Differential Diagnosis

  • Tumid lupus erythematosus
  • Subcutaneous panniculitis-like T-cell lymphoma
  • Morphea


On examination, there are tender violaceous plaques and nodules with central crusted ulcers. A skin biopsy reveals a lobular panniculitis with a lymphoplasmacytic infiltrate, hyalinizing fat necrosis, and lymphoid follicles. Laboratory examination revealed a positive antinuclear antibody (ANA) and an elevated erythrocyte sedimentation rate (ESR).

Learnings/What to Look for

  • Lupus panniculitis is sometimes termed lupus profundus and can be associated with overlying discoid lupus erythematosus (DLE) in approximately one-third of patients
  • Lupus panniculitis is thought to be caused by an autoimmune reaction in the deep dermis and adipose tissue. The first stage is active inflammation with painful nodules, followed by the second stage of subcutaneous atrophy that can be cosmetically disfiguring
  • Like SLE, lupus panniculitis occurs more commonly in women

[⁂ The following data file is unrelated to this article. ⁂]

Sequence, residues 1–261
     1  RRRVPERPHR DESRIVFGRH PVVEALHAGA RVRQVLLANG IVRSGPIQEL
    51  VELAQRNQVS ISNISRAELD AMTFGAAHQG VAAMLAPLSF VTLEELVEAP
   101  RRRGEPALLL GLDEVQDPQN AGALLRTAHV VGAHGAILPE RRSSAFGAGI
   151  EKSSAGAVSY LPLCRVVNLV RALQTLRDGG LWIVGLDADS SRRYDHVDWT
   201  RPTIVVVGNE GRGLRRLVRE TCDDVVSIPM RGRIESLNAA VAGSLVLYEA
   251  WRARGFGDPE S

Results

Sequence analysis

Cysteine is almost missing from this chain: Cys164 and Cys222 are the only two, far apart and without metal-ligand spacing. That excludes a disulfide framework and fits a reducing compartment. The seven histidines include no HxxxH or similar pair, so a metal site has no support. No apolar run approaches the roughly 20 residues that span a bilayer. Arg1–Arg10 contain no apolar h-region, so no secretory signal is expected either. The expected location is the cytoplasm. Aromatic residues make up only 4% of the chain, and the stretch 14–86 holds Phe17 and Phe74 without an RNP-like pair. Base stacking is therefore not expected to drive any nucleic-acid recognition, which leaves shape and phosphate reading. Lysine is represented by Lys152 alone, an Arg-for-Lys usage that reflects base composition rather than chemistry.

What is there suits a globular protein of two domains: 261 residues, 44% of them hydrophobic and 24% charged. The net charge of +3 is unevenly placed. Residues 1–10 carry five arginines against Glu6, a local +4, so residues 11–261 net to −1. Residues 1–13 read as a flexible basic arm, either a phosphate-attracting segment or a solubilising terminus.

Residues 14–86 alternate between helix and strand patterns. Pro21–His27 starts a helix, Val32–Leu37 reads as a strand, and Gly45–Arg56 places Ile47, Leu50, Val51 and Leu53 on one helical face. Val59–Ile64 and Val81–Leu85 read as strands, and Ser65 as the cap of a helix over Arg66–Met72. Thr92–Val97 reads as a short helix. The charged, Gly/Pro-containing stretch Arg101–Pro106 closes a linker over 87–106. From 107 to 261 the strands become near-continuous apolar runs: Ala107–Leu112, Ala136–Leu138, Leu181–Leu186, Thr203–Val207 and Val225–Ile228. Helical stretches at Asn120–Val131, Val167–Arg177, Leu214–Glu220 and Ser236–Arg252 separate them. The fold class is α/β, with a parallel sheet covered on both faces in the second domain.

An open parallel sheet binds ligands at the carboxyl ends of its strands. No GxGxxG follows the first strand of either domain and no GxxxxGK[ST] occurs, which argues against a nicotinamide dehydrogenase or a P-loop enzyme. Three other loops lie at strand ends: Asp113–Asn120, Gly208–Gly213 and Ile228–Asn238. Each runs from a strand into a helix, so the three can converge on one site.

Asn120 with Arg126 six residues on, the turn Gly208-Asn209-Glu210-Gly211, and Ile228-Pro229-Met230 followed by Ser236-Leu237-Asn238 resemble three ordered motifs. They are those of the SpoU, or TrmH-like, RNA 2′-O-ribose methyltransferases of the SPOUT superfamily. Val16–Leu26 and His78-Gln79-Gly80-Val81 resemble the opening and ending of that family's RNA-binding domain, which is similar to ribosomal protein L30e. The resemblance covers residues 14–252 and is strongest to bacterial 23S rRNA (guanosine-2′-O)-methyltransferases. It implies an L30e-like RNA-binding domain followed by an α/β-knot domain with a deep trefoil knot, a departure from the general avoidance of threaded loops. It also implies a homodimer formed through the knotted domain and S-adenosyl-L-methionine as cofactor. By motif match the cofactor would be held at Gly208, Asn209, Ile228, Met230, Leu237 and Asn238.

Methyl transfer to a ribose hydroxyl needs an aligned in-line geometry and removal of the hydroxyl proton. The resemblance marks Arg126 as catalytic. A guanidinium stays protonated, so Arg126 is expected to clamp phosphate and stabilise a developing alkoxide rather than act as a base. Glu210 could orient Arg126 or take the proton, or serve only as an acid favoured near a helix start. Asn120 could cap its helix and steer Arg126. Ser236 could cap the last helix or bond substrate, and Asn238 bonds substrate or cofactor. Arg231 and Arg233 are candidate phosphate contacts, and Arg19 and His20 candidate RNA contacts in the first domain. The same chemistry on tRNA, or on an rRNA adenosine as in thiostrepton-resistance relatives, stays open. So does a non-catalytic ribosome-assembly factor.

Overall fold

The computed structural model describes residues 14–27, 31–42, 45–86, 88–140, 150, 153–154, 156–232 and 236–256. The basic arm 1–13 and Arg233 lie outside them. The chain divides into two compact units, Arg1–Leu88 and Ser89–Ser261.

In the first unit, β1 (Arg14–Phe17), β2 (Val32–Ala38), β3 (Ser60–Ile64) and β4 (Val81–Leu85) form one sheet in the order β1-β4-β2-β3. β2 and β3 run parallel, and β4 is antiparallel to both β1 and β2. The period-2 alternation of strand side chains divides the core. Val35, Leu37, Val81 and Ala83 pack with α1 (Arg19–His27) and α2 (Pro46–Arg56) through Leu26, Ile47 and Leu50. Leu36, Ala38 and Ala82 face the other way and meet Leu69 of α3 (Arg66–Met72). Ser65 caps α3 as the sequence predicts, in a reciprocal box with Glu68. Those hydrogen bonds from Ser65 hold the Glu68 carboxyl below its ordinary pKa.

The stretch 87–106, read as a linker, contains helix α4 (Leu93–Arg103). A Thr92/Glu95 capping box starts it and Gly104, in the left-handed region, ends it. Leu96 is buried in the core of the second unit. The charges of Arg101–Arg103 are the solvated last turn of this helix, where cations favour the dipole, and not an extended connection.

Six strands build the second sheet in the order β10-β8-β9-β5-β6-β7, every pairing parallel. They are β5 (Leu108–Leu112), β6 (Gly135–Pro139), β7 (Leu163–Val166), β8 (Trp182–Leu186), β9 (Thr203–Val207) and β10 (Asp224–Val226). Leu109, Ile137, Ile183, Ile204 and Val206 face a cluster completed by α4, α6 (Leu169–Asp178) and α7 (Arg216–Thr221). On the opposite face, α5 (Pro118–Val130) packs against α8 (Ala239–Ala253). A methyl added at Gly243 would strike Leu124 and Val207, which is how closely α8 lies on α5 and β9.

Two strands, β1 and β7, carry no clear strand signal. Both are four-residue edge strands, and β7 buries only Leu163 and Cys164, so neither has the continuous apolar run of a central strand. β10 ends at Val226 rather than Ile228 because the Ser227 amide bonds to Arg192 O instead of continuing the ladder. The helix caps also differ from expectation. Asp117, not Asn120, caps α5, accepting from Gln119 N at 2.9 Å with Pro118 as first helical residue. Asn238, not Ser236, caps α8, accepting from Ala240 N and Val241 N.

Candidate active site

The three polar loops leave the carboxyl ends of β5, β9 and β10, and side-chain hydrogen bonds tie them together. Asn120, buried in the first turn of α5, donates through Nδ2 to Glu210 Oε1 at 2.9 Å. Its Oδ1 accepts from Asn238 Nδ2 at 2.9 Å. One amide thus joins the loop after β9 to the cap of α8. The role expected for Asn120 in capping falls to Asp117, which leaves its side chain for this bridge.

• Lupus panniculitis develops in approximately 5% of patients with SLE but can occur as an isolated disease
  • Cutaneous manifestations can develop years before or after the diagnosis of SLE

Pearls for Urgent Care Management

  • In the absence of a definitive cause, treatment is aimed at reducing inflammation, such as through use of anti-inflammatory drugs
  • Corticosteroids may speed recovery
  • Compression stockings may help relieve symptoms in the legs

Acknowledgment: Image and case presented by VisualDx (www.VisualDx.com/jucm).

A 41-Year-Old Woman with a History of SLE and Sudden-Onset Sores on Her Limbs
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